A High Court of Justice panel headed by Supreme Court President Asher Grunis issued a conditional injunction on Tuesday preventing the state from paying benefit packages to 54,000 ultra-Orthodox yeshiva students.
The injunction obligates the state to explain why the benefits were not suspended after the Tal Law, which enabled the deferment of mandatory military service, expired in August. The state will also need to explain why the criteria for receiving benefits packages were changed to include those who received them in the past, as well as new yeshiva students.
The injunction came after a petition was submitted by the pro-religious freedom and democracy organization Hiddush, the Israeli Forum for Citizen Equal Rights and Obligations, Israel Hofshit (A Free Israel) and former MK Ronnie Barizon of the now defunct Shinui party. The petition argued that since the haredi students are no longer exempt from military service, any benefit packages they receive from the state after evading their mandatory service should be illegal.
According to an example given by Hiddush, as of January 2013, the state was paying a net monthly fee of 4,800 shekels ($1,200) to any 28-year-old yeshiva student with three or four children whose wife either did not work or received an undeclared salary. For a yeshiva student of this age with a working wife, the state paid 4,100 shekels ($1,098) monthly.
Additionally, the housing assistance stipend for 2013, virtually non-existent in previous assistance packages, will stand between 1,200 shekels ($321) and 1,700 shekels ($455) on average for a family purchasing a home through government tenders tailored for haredi towns and neighborhoods.
The main reason behind this substantial increase is that over the past year the Housing and Construction Ministry has marketed tens of thousands of apartments in haredi cities or neighborhoods, in which benefit packages worth between 150,000 shekels ($40,000) and 200,000 shekels ($53,000) were offered, which equals the housing stipend at an average of 1,500 shekels ($401) per month for 10 years.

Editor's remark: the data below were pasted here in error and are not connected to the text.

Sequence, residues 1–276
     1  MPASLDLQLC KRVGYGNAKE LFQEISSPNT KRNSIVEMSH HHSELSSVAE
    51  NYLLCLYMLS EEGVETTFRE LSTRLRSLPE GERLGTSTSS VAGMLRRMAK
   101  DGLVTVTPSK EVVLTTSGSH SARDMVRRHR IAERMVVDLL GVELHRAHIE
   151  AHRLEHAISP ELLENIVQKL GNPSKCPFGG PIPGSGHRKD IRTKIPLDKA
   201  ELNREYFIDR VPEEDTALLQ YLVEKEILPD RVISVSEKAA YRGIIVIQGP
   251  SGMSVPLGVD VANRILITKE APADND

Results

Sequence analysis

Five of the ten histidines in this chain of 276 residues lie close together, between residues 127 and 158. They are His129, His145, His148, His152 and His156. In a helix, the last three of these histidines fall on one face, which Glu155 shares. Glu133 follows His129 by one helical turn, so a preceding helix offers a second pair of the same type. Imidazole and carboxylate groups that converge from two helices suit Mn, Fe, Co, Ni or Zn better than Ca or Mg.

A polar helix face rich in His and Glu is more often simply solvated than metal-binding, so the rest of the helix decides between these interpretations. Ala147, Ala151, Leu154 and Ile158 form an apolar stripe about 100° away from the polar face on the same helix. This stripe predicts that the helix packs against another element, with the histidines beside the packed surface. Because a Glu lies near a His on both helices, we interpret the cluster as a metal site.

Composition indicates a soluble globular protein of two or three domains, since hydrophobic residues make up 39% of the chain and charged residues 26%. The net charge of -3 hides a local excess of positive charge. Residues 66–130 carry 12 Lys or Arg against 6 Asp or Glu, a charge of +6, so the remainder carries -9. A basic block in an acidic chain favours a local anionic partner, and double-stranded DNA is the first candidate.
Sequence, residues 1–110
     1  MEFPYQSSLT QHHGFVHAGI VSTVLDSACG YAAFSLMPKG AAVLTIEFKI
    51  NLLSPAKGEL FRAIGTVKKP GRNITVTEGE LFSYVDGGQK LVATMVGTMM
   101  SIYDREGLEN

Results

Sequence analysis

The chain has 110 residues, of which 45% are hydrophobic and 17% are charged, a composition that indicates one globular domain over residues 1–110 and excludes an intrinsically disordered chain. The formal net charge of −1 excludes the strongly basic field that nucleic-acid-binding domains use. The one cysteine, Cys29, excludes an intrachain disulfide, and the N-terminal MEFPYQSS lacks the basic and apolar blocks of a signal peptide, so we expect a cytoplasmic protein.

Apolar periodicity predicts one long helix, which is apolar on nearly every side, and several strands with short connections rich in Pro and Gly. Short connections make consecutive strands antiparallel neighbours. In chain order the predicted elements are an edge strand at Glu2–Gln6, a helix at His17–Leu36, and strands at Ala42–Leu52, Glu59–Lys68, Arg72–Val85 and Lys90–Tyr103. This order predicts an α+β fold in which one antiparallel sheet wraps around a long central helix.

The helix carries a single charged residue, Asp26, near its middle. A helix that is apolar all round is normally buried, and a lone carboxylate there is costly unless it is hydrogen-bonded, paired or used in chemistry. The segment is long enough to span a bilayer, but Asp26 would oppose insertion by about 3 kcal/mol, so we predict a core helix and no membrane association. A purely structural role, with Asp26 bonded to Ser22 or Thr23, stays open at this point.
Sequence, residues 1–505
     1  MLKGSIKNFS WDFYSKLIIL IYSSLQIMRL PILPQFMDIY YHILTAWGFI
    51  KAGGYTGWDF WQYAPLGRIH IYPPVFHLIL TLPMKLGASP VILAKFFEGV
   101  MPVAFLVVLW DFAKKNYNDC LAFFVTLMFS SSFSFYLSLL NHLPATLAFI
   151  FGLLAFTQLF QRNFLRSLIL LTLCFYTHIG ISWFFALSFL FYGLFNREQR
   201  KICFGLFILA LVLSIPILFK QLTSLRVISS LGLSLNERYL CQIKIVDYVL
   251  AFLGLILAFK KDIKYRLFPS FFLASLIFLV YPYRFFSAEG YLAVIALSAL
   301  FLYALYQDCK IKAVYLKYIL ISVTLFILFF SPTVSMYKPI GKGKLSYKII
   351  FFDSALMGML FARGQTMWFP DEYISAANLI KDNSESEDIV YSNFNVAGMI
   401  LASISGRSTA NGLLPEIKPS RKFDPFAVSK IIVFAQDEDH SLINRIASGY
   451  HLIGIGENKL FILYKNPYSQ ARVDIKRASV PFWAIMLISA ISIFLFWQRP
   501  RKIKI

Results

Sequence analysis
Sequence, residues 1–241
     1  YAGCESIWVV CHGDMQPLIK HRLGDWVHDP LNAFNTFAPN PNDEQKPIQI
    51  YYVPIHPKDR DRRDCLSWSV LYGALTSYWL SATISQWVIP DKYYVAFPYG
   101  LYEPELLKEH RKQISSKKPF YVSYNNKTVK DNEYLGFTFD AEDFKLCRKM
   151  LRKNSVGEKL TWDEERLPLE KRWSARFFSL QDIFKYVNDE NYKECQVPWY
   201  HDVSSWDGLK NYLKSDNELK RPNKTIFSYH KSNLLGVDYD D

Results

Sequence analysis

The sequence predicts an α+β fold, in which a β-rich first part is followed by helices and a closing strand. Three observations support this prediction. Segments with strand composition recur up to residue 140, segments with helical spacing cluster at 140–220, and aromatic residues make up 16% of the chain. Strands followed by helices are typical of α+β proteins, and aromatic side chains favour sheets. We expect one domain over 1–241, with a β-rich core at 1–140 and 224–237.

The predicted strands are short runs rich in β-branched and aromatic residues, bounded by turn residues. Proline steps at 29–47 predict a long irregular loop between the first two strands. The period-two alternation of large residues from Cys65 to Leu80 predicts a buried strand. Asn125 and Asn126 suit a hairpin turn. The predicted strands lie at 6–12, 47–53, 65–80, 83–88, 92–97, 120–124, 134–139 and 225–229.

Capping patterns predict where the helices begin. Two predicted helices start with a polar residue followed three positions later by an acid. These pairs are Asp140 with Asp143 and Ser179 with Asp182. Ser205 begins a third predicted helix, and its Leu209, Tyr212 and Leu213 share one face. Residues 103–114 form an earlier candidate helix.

Another element of the benefits package for yeshiva students is negative income tax, which is beneficial for families in which the wife is employed.
Amid an election season in which the public outcry for greater equality in sharing the national service burden has reached increasingly demanding pitches, the figures are sure to further frustrate Israelis already burdened by heavy income taxes, soaring apartment prices and mandatory military and reserve duty.
Supreme Court Justice Miriam Maor explained the court's decision: "The question is not whether the yeshiva students can study Torah or not, it is whether they should be given support to do so. If the military deferment is done according to the law then there is nothing to prevent giving benefits packages. But if the deferment is not kosher then no benefit package should be given."
Hiddush President Rabbi Uri Regev called on the court to "set an immediate date to hold discussions because the state transfers 30 million shekels ($8 million) each month to yeshivas against the law, and there is no way that these gigantic sums will ever be returned."